Checking the Pulse of Shortwave Piracy

Shortwave radio enthusiasts gathered in Plymouth Meeting, Pennsylvania earlier this month for the 26th annual Shortwave Listening Fest. The Fest is the longest-running conference of its kind in the United States, and several pirates actually broadcast from the event; the granddaddy of them all is the Voice of Pancho Villa, which has closed out the Fest every year with a special midnight broadcast.
Each Fest also features a pirate radio forum, where shortwave scenesters provide an overview of the state of the band. This year’s forum was moderated by George Zeller, a long-time pirate radio enthusiast who’s written several columns on the subject for a variety of radio publications.
Zeller got the 40-minute discussion going by calling the FCC a "malicious organization" (boos and hisses abounded), and ran through some of the most popular shortwave frequencies on which to find pirates. He categorized the scene as quite vibrant: "If I wanted to list all the pirates that were active last year, I would’ve had to bring a book!"
Greg Majewski, the editor of the shortwave-centric Free Radio Weekly, told attendees that there’s been a "reduction of activity" in the number of listener reception reports to his publication, but he thinks the downturn is a function of migration to the Internet for reception reports and acknowledgements.
The online environment, said Majewski, has "revolutionized" the audience for shortwave pirate radio: listeners can share reception conditions and reports in real-time, and with streaming shortwave receivers positioned around the world, it’s possible for listeners to hear broadcasts that they can’t pull out of the ionospheric muck at their physical locations.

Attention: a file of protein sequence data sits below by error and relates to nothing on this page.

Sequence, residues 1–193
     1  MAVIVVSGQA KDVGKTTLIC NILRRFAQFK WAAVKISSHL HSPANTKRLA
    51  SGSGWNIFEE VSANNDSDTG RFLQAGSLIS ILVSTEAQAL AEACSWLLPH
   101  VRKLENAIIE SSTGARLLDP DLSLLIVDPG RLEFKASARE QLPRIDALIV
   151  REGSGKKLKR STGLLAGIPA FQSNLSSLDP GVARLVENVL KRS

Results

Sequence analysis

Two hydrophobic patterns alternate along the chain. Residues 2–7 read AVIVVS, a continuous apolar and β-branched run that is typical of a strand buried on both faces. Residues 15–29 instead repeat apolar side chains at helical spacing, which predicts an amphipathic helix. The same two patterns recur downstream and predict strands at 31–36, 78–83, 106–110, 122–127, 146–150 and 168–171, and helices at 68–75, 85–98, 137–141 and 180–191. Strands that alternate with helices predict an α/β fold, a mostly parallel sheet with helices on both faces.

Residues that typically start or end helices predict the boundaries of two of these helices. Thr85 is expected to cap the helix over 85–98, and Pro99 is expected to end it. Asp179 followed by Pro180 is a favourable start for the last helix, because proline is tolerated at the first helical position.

Majewski characterizes shortwave piracy as "a steady stream of activity," where most pirates "stay on for about an hour," limiting their time on air in hopes of complicating the FCC’s impressive capabilities to triangulate shortwave transmissions.
Since the Fest, Chris Smolinski, the founder of, has conducted his own impressive analysis of shortwave piracy. Also based on listener reports, Smolinski found that dozens of stations were active over the course of 2012, making more than 130 transmissions every month.
The weekends are the most active time to find shortwave pirates on the air, though every day of the week there’s something to listen to. The "busiest" month for shortwave piracy in 2012 was December, and the "slowest" month was May.
Ultimately, Smolinski believes there is "a very high level of activity" today, "as compared to what I remember from the 1980s and even the 1990s." Considering the FCC’s relative lack of interest in shortwave pirate enforcement, it would seem that there’s no better time than the present to scope the band and perhaps hike a mast.